Farmers in South-America have been growing quinoa for thousands of years. In the Netherlands the crop is cultivated on a commercial scale only since April 2014. Since it is such a new crop, Dutch Quinoa Group could set up a local value chain from scratch. Therefore, it is sustainable in every sense.
Rens Kuijten has been interested in quinoa for a long time. After several years of research Kuijten and his business partner founded Dutch Quinoa Group in 2014. Now he is one of the directors of the company. Dutch Quinoa Group, a Foodvalley Member, supplies quinoa as an ingredient to the food industry, and quinoa products to retail and catering industry.
“In April 2014, the first farmers in the Netherlands sowed quinoa,” Kuijten remembers. “We wanted to gain experience in growing and process the crop successfully. One of our main concerns was security of supply. That is why we dedicated the first two years to resolving technical issues, and organizing the value chain; from grower and processor to the sales on the local market. By the end of 2015 we had a working value chain with a network of growers and a scalable processing line. As a result we could build up a supply, and offer the food industry and retailers security of supply.”
“At the end of 2015 we also started to focus more on product development and marketing. We wanted to make consumers more familiar with quinoa and stimulate the demand. The demand is the key factor for the amount of hectares and the number of growers. We started with 13 farmers in the Netherlands and now there are 40, and we even have a waiting list.”
At the beginning of 2016, Dutch Quinoa Group introduced Lola Quinoa, a brand for retail and catering industry. The brand name is an abbreviation of ‘low lands quinoa’. “It was not our aim to build a large international brand, that was not realistic. We launched the brand to make our company and the value chain more visible. We wanted to tell consumers the story behind the product and our growers,” Kuijten points out.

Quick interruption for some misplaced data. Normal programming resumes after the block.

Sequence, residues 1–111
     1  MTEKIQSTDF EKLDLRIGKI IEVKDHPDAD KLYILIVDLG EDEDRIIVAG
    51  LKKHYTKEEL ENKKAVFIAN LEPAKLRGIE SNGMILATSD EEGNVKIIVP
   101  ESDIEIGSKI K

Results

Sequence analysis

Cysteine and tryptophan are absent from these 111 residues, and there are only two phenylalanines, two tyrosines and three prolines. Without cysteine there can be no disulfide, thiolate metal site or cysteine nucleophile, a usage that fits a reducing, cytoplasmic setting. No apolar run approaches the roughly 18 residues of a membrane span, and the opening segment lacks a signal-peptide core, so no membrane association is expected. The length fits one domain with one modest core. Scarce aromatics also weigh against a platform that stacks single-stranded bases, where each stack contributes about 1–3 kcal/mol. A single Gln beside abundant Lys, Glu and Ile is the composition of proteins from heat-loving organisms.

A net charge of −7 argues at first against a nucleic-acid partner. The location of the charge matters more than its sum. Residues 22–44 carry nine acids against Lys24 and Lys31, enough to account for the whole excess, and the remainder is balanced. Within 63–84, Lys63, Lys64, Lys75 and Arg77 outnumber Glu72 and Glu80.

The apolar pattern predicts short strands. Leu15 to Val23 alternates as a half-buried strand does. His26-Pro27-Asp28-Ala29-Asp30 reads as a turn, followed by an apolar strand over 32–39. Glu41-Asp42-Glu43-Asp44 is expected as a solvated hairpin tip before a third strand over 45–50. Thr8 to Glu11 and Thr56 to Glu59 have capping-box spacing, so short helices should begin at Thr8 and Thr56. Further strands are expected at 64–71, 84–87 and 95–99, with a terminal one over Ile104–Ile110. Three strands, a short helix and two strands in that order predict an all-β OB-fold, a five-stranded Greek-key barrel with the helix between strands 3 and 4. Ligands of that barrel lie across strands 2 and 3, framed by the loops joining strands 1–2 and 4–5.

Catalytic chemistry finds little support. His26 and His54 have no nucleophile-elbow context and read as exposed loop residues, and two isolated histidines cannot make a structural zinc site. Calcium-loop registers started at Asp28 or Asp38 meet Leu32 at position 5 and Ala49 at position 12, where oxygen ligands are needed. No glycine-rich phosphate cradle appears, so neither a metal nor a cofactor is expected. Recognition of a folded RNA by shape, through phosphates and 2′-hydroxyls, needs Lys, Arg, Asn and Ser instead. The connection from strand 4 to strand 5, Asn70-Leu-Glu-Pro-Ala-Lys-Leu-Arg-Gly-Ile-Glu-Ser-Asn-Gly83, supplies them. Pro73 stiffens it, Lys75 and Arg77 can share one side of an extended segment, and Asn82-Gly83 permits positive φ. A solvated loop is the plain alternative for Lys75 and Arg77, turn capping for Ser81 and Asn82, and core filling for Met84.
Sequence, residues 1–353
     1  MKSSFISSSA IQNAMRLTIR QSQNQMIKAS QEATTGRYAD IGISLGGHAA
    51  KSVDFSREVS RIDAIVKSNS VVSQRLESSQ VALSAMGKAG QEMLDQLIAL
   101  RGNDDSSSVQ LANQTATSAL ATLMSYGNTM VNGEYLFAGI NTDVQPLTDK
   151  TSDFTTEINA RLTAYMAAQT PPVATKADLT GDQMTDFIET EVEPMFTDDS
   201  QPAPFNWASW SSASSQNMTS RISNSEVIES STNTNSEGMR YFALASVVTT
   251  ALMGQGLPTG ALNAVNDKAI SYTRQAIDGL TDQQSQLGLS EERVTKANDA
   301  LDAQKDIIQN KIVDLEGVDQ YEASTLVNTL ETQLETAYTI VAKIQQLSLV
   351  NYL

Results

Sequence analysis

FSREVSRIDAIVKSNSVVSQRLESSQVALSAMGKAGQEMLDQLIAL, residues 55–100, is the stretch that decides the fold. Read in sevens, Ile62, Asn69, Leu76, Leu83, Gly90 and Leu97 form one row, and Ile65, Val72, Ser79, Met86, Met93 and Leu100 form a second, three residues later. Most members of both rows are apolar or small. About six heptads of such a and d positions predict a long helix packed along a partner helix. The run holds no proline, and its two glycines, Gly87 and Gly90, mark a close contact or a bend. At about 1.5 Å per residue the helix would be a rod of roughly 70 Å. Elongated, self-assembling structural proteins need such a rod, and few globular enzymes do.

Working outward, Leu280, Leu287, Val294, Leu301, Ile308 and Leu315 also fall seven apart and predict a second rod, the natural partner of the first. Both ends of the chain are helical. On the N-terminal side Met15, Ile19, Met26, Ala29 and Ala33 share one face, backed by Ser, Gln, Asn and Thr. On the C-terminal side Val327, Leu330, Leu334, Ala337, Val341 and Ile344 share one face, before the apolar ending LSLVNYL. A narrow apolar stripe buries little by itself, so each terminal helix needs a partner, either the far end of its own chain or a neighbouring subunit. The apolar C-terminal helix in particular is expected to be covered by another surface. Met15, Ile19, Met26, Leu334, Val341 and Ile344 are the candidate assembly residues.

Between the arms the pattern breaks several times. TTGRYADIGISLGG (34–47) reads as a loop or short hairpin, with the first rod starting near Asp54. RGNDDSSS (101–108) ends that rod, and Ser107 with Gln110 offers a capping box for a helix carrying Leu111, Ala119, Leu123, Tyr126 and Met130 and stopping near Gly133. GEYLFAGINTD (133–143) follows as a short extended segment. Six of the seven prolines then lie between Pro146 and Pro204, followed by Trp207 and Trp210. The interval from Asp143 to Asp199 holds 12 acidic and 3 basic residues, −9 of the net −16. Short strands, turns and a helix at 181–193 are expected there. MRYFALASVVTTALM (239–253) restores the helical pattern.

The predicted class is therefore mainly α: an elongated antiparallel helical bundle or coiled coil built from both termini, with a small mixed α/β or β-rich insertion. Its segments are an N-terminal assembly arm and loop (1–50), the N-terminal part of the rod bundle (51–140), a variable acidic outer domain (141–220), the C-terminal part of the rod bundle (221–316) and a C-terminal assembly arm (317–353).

Dutch Quinoa Group built the value chain with all the ethical values in mind. “That is our philosophy. We wanted to show that we do not only meet the high quality requirements of the Dutch consumers, but also take into account the impact on the environment and point out that it is a local product, established by local people with local ethics and standards. The farmers can decide not to cultivate the crop anymore. For them it is an extra crop option that improves soil fertility, but it also provides the opportunity to spread risks.”
A second reason for the Lola Quinoa brand was that interaction with consumers taught them valuable lessons. “After all consumers are the clients of our B2B clients. But we aspire to become a centre of expertise; therefore we need contact with all the parts of the chain, including consumers.”
Copy the system…
Dutch Quinoa Group sells their products mainly in an area of around 500 kilometers in Northwest Europe, but also in Poland, Greece and Switzerland. However, the company intends to implement the Dutch system internationally. These value chains in other countries should be orientated locally, just as the one in the Netherlands. “We don’t want to transport quinoa all over the world, so these value chains are also local. The cultivation techniques will be adapted to the local conditions.”
Dutch Quinoa Group is involved in the plant breeding of Wageningen University & Research, and took on a worldwide license to commercialize quinoa varieties based on R&D of the knowledge centre. “At the moment we are strongly expanding our network of local quinoa production partners around the world with Wageningen varieties. These varieties have some benefits. For example they are ‘non-bitter’ and therefore easier to process without using water, while maintaining taste and important nutrients as fibre and minerals.”
There are many opportunities with Quinoa. It is a draught tolerant crop that can also grow in salty conditions, and in different climates. “Originally quinoa grows in the Andes region. The name comes from Quechua. It means ‘grain that grows where grass can’t grow’.